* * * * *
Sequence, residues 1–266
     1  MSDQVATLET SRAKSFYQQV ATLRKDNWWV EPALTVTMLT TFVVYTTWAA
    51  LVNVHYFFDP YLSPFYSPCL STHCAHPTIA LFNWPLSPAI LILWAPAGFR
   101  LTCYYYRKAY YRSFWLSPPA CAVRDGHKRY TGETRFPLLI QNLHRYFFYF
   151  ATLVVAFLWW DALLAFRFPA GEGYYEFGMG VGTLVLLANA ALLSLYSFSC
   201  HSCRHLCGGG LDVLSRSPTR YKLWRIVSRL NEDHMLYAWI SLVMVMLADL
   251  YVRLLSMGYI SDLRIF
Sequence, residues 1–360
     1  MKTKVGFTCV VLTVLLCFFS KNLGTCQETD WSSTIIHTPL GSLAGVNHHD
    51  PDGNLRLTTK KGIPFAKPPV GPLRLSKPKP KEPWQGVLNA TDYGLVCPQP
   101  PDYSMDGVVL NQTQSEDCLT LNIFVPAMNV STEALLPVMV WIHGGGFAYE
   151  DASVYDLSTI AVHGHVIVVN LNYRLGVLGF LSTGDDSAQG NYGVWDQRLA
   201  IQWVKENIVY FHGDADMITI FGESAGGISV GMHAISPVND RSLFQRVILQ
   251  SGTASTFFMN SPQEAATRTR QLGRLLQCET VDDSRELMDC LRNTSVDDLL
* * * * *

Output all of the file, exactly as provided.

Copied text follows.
Sequence, residues 1–266
     1  MSDQVATLET SRAKSFYQQV ATLRKDNWWV EPALTVTMLT TFVVYTTWAA
    51  LVNVHYFFDP YLSPFYSPCL STHCAHPTIA LFNWPLSPAI LILWAPAGFR
   101  LTCYYYRKAY YRSFWLSPPA CAVRDGHKRY TGETRFPLLI QNLHRYFFYF
   151  ATLVVAFLWW DALLAFRFPA GEGYYEFGMG VGTLVLLANA ALLSLYSFSC
   201  HSCRHLCGGG LDVLSRSPTR YKLWRIVSRL NEDHMLYAWI SLVMVMLADL
   251  YVRLLSMGYI SDLRIF
Sequence, residues 1–360
     1  MKTKVGFTCV VLTVLLCFFS KNLGTCQETD WSSTIIHTPL GSLAGVNHHD
    51  PDGNLRLTTK KGIPFAKPPV GPLRLSKPKP KEPWQGVLNA TDYGLVCPQP
   101  PDYSMDGVVL NQTQSEDCLT LNIFVPAMNV STEALLPVMV WIHGGGFAYE
   151  DASVYDLSTI AVHGHVIVVN LNYRLGVLGF LSTGDDSAQG NYGVWDQRLA
   201  IQWVKENIVY FHGDADMITI FGESAGGISV GMHAISPVND RSLFQRVILQ
   251  SGTASTFFMN SPQEAATRTR QLGRLLQCET VDDSRELMDC LRNTSVDDLL